Another appropriate title for this post could be "Don't get sick during Tet."
My mother came to visit last Saturday from the USA. We had a marvelous eight-day trip planned to Myanmar, with a few days in Saigon. When she arrived at my house she began to feel absolutely terrible with some unusual symptoms. I took her to the Franco-Vietnamese Hospital immediately.
Fortunately, there was a good ER doctor on duty that night. He correctly diagnosed her, did a CT scan and began treatment. I consulted an ER doctor friend of mine in the States, and he told me the standard protocol for treatment was tests X, Y and Z. Unfortunately, since this was Tet the hospital was a ghost town -- there were very few technicians and staff on duty. On Sunday I was told that the tests would have to wait until Thursday. "Why?" I asked. "It's Tet" was the response. "There are no technicians on duty." I wouldn't take no for an answer and got the tests done the next day. I don't know whose Tet holiday they had to interrupt to make that happen, and I don't care.
FV Hospital markets itself heavily as an "international standard" hospital. Perhaps it is. The care my mother got after Tet was pretty good. But not on Tet or the 1-2 days after. The place was deserted, and no one seemed willing to take responsibility for my mother's care until I persistently intervened with one of the doctors. Maybe I'm crazy, but that ain't "international standard."
In my book all's well that ends well. My mom was OK and the problem, although serious, proved to be relatively minor and she made a quick recovery. One conclusion I want to share with My Public from this experience is "Don't get sick on Tet."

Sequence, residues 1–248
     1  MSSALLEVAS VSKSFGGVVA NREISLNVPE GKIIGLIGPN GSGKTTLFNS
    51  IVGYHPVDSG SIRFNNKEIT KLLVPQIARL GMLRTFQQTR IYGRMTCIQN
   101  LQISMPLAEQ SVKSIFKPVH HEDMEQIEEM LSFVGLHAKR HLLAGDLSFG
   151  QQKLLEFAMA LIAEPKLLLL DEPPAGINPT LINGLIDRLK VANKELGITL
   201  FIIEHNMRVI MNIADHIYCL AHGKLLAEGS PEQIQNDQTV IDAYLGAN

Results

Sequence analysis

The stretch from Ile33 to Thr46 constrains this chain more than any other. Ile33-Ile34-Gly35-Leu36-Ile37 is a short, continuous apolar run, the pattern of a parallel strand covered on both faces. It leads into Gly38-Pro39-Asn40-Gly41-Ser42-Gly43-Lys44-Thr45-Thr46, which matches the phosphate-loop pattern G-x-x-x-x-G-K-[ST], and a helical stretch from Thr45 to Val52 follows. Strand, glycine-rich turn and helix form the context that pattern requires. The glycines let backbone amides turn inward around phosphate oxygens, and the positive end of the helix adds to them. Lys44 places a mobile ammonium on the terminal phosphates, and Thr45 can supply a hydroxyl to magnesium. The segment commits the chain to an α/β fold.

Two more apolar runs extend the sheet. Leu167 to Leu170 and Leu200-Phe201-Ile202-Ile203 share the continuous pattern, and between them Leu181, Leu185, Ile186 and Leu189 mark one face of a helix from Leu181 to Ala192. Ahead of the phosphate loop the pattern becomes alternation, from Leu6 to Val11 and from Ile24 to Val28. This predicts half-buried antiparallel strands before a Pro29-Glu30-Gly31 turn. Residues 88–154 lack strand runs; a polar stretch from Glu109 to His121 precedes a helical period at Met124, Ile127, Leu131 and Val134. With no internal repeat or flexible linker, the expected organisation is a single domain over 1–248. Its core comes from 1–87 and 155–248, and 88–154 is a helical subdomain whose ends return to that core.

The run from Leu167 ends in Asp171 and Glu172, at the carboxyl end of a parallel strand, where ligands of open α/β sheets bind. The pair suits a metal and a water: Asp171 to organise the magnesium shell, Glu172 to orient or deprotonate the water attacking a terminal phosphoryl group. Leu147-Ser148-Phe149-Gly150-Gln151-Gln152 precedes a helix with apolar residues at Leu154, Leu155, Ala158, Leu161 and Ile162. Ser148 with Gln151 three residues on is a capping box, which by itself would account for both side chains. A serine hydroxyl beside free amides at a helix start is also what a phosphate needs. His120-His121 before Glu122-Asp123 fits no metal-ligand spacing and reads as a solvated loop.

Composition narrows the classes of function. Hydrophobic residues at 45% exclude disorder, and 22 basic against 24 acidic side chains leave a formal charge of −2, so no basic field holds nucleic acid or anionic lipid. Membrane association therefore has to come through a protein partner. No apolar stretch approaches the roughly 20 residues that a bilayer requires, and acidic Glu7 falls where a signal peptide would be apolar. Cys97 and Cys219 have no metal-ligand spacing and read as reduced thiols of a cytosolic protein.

Another takeaway is "Get travel health insurance whenever you travel," especially outside of North America and Europe. My mom had purchased $1 million of coverage for about $100 for a 2 week period from HTH Worldwide. It was a godsend. HTH was on the problem like white on rice. Not only did they pay for 100% of the week-long hospital stay, but they sent a doctor to Saigon to escort my mother all the way back to Vermont and arranged and paid for flights back in business class. It wasn't just the substantial cost that this saved, but they provided invaluable help with the logistics of the situation and medical consultation with the local doctors.
If you are traveling to Vietnam, I definitely advise that you purchase travel health insurance. One very knowledgeable and helpful American insurance broker specializing in expat health coverage is InsuranceToGo. I spoke to them at length and ended up purchasing my health insurance through them, also with HTH.